The Debt Ceiling

What is the time limit for the debt ceiling?

Officially, the Treasury reached its debt ceiling on May 16.  However, the government has been able to conserve cash and free up some capacity.  This has bought Congress some time to reach a consensus, but because the government operates at a deficit, we are eating through the capacity and, despite cash conserving measures, will reach the debt ceiling by August 2. 

What are Republicans and Democrats saying?

While both Republicans and Democrats are in agreement about the need to raise the debt ceiling, they are in strong disagreement about just how to do so. In fact, that is the reason we have witnessed weeks of toiling over this debt ceiling issue, even now, just days away from the deadline set forth for coming to a decision. More specifically, Republicans believe that in dealing with this unsustainable level of debt, government must make enormous efforts to cut spending, not just raise taxes. Democrats, although presumably of the same ideology as President Obama in wanting to raise taxes on higher income classes, are distraught over the President’s discussion of cutting spending on such programs as Medicare and Medicaid.

What if the debt ceiling isn’t raised? Will the government shutter itself?

If Congress does not agree to raise the debt limit, it will be the first time in US history that the US faces technical default. Technical default, as opposed to actual default, is not characterized by failure to pay interest or principal on debt. Depending on who you are talking to, the implications of this notion vary greatly. While the Democrats tend to believe that we have no choice but to raise the debt limit, in order to avoid a financial meltdown, Republicans aren’t so convinced. They are more of the belief that regardless, interest payments would be paid on our debt, and therefore, it would not be as large of a crisis as Democrats purport, but that it is truly representative of our country’s larger spending problem and the need to cut government spending overall. We are of the belief that the government will not collapse. Rather, it will continue to operate, but it will be required to run on a more balanced budget or surplus, so as to conserve and/or replenish its funds.  To accomplish this feat, the government will prioritize its expenses and pay the ones deemed most critical first.  

In the event that resolution is not reached, what effect would this have on the stock and bond markets?

While it is impossible to tell exactly how the market will respond, it is clear that the global financial scene would certainly feel the effects of US default, even if it is just a technical default. We do not anticipate that an unsuccessful resolution of the debt ceiling would be viewed fondly by the international credit and stock markets.  However, much of the weakness in the markets of late may be in part attributable to concerns over the debt ceiling.  Therefore, we believe that some of this risk may be priced into the markets already.  A successful and timely solution to the debt limit would almost certainly be viewed positively by the markets, and market reaction to a defined plan would depend largely on the resolution’s blueprint, especially in terms of monetary size and where particular cuts are made.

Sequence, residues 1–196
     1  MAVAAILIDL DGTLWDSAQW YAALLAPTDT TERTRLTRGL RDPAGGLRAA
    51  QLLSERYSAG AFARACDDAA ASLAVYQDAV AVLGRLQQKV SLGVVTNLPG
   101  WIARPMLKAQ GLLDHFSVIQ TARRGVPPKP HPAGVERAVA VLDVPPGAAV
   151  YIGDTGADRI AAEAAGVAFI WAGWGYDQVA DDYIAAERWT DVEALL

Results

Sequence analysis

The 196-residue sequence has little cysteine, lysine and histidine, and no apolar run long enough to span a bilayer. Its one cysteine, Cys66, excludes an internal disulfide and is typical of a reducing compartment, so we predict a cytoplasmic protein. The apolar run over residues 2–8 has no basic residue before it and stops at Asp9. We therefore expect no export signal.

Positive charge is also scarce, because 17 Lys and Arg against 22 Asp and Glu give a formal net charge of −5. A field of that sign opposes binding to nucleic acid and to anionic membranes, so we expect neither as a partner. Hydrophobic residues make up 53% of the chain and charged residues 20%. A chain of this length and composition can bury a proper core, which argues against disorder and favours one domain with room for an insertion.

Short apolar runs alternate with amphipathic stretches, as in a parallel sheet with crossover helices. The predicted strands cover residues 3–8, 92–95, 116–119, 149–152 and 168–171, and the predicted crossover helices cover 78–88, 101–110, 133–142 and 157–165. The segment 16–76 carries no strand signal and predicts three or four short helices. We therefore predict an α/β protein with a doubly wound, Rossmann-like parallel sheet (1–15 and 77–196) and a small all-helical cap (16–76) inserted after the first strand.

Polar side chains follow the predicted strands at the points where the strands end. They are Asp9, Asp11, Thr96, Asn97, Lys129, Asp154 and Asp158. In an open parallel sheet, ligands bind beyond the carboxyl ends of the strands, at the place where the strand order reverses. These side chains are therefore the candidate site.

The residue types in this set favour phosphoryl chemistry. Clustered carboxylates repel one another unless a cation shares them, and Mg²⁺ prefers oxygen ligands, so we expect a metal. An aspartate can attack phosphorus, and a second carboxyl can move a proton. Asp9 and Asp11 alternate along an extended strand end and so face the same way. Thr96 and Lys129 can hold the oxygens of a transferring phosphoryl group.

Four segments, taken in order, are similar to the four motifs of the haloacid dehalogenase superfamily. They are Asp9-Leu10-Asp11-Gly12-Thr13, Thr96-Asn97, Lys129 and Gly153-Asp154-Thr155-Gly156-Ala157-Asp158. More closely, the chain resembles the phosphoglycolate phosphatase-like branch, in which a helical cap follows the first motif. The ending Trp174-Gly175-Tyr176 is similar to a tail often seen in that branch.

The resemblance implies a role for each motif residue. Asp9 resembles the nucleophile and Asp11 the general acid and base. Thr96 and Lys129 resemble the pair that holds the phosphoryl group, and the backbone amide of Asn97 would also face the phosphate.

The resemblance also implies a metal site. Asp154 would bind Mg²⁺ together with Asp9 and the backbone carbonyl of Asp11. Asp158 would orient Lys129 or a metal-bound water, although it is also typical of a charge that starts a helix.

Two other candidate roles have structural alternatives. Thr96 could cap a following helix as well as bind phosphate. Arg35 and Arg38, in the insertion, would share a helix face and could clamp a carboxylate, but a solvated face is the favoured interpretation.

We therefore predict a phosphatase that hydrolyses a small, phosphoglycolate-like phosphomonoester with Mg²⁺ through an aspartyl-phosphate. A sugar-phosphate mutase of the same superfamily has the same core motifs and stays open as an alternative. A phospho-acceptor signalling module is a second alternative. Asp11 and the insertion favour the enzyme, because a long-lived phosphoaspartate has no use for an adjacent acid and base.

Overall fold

Will the US Treasury stop making interest payments?  Are my Treasury bonds safe?

We believe that interest payments will be a top spending priority for the government, should it reach its debt ceiling.  If it does reach its ceiling, it will be paramount for the government to demonstrate its commitment to servicing debt to our international creditors so that they will continue to lend to us in the future. 

What programs will get paid first?

In agreement with a recent piece by Alec Phillips of Goldman Sachs, entitled “US Daily: Q&A on the Debt Limit,” we believe that after interest payments, critical defense programs, Social Security, and Medicare will be paid first.  After these programs, it is difficult to determine the exact order of the other smaller programs, as President Obama has a considerable amount of discretion over the prioritization of funding.

What about state and local governments?

As the federal government moves to conserve cash and cut expenses, it becomes more and more likely that aid programs to the states and to local authorities will be increasingly strained and at risk of being cut.  Additionally, should the US Treasury’s credit rating receive a downgrade from the major ratings agencies, this will trigger downgrades of municipal bonds that have been pre-refunded with Treasury and Agency obligations.  Furthermore, several states currently have triple-A credit ratings.  A downgrade of the US Treasury and the uncertainty of federal aid will most likely lead to reviews and downgrades of these states’ credits as well.